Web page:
Ten to Men is a population-based study of the health of a large cohort of males aged 10–55 at recruitment. At baseline, data were collected on suicidal thoughts and behaviours, and on constructs relevant to both stress (i.e., life events) and diathesis (i.e., major psychiatric disorders) domains. This study uses the baseline data to examine the relationship of life stressors and psychiatric disorders in the past 12 months to current suicidal ideation. It assesses the salience of different stressful life events and examines the relative contribution of life events and psychiatric disorders with respect to suicidal ideation in males aged 18–55.

Methods

Sample

Ten to Men recruited 15,988 males aged 10–55 years from across Australia in 2013/14 using a stratified clustered random sampling strategy. Males were included if they were resident in a private dwelling, were an Australian citizen or permanent resident and had sufficient proficiency in English to complete the questionnaire/interview. Sampling, recruitment and data collection methods are described elsewhere [6]. For this analysis males 18 years and older were included (n = 13,884) as they are exposed to a different and wider set of life stressors than younger males.

Measures

Lifetime suicidal thoughts and behaviours were ascertained by three standard questions: Have you ever seriously thought about killing yourself?; Have you ever made a plan about how you would kill yourself?; Have you ever tried to kill yourself?. The item ‘Thoughts that you would be better off dead or of hurting yourself in some way’ from the Patient Health Questionnaire (PHQ9) was used to capture suicidal ideation in the past 2 weeks [7], which we deemed to be current suicidal ideation. Respondents indicated the frequency of such thoughts in the past 2 weeks as ‘not at all’, ‘several days’, ‘more than half the days’, and ‘nearly every day’. Self-report psychiatric illness was ascertained by two questions: ‘Has a doctor or other health professional ever told you that you had this condition?’ for lifetime prevalence, and ‘Have you been treated for or had any symptoms of this condition in the past 12 months?’ for 12 month prevalence. Mental health conditions available for endorsement were depression, post-traumatic stress disorder (PTSD), other anxiety disorders, and schizophrenia. This format for capturing self-reported long-term conditions was based on the Australian Health Survey [8]. Alcohol use was assessed using the Alcohol Use Disorders Identification Test (AUDIT) in which harmful or hazardous alcohol use is defined as an alcohol dependence score of 8 or more [9]. Life events in the prior 12 months were ascertained using a life events checklist comprising 24 items. The majority of the items (19) had been used in the Australian Longitudinal Study of Women’s Health surveys, based on their adaption of the Social Readjustment Scale [10]. Modifications included two instances of combining multiple items into one (serious personal injury, illness or surgery; break-up of a serious relationship/divorce/separation). Two items were modified to be more general (being pushed, grabbed, shoved, kicked or hit modified to victim of physical violence, being forced to take part in unwanted sexual activity modified to being a victim of sexual assault) one item broadened in scope (loss of a job to loss of a job or looking for work unsuccessfully for a long time) and one revised to be male specific (birth of your first child to becoming a father for the first time). Five additional items were included, four to capture important transition points: starting your first job, retirement, bankruptcy (personal or business), buying a house, becoming a carer for someone, and one from the Social Readjustment Scale (serious illness, injury or assault to a close relative/friend) [11]. There was no rating of the severity of stress associated with the event.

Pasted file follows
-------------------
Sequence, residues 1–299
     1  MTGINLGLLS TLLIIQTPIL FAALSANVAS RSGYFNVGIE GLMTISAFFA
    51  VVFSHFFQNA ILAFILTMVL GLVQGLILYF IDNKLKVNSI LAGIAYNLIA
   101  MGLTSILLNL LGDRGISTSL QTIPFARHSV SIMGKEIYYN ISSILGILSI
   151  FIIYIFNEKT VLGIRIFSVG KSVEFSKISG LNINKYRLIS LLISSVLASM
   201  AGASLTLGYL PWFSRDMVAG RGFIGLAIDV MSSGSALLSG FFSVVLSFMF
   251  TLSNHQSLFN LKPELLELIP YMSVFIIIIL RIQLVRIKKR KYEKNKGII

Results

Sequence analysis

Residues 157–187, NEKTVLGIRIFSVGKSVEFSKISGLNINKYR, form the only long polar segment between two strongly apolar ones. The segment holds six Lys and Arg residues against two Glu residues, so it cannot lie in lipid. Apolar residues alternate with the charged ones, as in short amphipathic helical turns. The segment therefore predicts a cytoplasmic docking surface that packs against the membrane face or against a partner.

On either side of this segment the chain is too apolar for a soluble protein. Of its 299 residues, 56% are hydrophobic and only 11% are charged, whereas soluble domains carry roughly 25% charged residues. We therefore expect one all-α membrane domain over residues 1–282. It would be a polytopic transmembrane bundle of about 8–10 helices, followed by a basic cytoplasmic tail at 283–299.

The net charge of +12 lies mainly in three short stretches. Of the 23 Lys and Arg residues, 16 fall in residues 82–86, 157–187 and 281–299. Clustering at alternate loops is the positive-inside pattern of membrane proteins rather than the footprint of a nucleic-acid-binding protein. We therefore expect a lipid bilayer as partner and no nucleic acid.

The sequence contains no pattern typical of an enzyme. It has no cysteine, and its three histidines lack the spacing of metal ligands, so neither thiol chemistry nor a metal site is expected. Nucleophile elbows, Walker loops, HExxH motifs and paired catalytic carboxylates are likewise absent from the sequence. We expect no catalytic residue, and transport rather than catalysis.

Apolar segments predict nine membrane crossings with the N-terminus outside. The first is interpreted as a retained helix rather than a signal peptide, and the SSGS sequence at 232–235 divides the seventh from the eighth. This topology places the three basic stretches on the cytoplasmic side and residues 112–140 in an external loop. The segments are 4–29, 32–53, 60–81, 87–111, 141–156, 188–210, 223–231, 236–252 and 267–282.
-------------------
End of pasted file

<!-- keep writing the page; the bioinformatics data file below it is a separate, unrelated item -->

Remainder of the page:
Participant socio-economic status was based on the Australian Bureau of Statistics, Socio-Economic Indexes for Areas - Index of Relative Socio-Economic Disadvantage (SEIFA-IRSD). This is general socio-economic index produced from census data summarising a range of indicators of economic and social disadvantage [12]. Lower IRSD scores indicate greater disadvantage.